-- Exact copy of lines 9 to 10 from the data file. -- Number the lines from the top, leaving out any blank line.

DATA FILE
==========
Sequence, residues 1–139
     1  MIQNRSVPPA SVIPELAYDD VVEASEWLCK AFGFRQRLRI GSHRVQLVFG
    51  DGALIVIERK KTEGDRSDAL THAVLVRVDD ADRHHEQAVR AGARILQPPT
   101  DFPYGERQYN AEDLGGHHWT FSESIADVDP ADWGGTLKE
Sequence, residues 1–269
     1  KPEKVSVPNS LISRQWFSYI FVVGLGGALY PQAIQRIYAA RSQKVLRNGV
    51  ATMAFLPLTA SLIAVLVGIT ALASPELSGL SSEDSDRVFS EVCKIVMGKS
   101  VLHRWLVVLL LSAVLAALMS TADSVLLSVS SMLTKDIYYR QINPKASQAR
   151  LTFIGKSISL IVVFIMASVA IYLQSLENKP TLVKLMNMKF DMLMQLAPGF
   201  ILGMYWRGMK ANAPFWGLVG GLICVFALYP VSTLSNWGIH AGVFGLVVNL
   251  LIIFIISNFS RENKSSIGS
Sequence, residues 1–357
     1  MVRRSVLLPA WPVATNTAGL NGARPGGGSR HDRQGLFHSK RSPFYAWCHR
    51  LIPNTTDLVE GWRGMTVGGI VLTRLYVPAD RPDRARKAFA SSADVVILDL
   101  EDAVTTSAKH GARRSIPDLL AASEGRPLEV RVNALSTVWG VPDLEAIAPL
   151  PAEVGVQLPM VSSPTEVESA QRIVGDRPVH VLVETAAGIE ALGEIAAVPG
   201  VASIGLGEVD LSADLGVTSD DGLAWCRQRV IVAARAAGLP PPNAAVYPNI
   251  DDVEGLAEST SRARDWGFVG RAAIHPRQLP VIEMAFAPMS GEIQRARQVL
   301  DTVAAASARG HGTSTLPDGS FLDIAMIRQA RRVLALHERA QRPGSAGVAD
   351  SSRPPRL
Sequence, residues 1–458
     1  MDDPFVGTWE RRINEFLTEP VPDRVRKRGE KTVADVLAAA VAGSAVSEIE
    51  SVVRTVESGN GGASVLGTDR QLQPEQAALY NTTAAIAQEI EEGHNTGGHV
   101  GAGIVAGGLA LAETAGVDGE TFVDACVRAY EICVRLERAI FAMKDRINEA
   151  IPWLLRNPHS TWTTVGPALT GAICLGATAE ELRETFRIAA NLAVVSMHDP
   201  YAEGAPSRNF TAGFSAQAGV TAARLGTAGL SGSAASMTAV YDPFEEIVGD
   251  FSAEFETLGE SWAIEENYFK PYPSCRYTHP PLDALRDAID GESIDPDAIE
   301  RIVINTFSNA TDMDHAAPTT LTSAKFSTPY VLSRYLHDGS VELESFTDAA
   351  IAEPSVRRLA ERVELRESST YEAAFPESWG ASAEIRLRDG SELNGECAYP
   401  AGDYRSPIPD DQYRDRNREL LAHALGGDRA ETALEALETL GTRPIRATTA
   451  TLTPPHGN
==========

   151  LTFIGKSISL IVVFIMASVA IYLQSLENKP TLVKLMNMKF DMLMQLAPGF
   201  ILGMYWRGMK ANAPFWGLVG GLICVFALYP VSTLSNWGIH AGVFGLVVNL